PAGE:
Lesser Common Rustic (male, gen det), North Elmham, 19th July

There was a good haul of other insects too.  A Pale Evening Dun Procloeon bifidum was the only Mayfly but lacewings consisted of 6 Cunctochrysa albolineata, 4 Dichochrysa flavifrons and a Micromus variegatus.  Caddisflies included 2 Hydropsyche siltalai, 2 Hydropsyche pellucidula and a Leptocerus tineiformis.

Bugs were better - as well as 3 Birch Shieldbugs, Forest Bug and the leafhopper Iassus lanio there were 3 new species for the year: the splendid Campyloneura virgula, a Tarnished Plant Bug Lygus rugulipennis and the leafhopper with a sad face pattern on its scutellum, Lamprotettix nitidulus.

Campyloneura virgula, North Elmham, 19th July

Tarnished Plant Bug Lygus rugulipennis, North Elmham, 19th July

Lamprotettix nitidulus, North Elmham, 19th July

There were as many beetles with Ilybius fuliginosus, 6 Bradycellus verbascis, Aphodius rufipes, Rhagonycha fulva, Lagria hirta and another which I've spent too long attempting to key out and have put to one side to look at again after I've caught up with everything else.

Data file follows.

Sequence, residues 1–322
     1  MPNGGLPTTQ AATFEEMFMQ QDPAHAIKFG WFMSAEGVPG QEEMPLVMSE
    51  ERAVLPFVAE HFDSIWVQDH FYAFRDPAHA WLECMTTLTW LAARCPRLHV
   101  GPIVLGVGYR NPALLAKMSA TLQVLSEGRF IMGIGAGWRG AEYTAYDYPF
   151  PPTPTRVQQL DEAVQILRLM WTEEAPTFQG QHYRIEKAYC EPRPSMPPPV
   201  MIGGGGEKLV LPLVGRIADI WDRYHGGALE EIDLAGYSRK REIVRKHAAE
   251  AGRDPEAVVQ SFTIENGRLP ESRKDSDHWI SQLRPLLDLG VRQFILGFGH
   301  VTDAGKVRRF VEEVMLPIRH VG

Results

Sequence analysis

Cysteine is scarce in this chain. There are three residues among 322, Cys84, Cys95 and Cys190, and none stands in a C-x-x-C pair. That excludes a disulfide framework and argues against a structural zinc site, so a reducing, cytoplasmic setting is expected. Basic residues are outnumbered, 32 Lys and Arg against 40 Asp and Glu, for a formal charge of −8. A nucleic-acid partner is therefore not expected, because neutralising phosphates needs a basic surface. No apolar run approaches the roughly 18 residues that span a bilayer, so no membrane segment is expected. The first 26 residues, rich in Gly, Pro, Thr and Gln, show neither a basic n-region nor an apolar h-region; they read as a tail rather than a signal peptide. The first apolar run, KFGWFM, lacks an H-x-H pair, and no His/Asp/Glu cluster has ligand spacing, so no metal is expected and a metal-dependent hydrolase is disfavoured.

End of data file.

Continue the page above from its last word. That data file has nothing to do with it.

Bradycellus verbascis, North Elmham, 19th July

The following night was dead by comparison - just 43 moths of 27 species!  They were 2 Bird-cherry Ermines Yponomeuta evonymella, Little Dwarf Elachista canapennella, Dark Groundling Bryotropha affinis, Dingy Dowd Blastobasis adustella, Plain Conch Phtheochroa inopiana, Light Brown Apple Moth Epiphyas postvittana, Garden Rose Tortrix Acleris variegana, Pearl Veneer Agriphila straminella, 2 Small Greys Eudonia mercurella, Common Plume Emmelina monodactyla, Large Emerald, 2 Single-dotted Waves, 3 Early Thorns, 2 Scalloped Oaks, Poplar Hawk-moth, Pebble Prominent, Coxcomb Prominent, Brown-tail, Yellow-tail, 4 Common Footmen, 5 Buff Ermines, Ruby Tiger, Nutmeg, Cloaked Minor, 2 Uncertains, Mottled Rustic and 3 Nut-tree Tussocks.

It was equally poor for other insects with just one caddisfly (Limnephilus marmoratus) and one beetle (Brown Chafer) recorded.   Fortunately this was just a temporary blip and things warmed up again the next day - more on that later...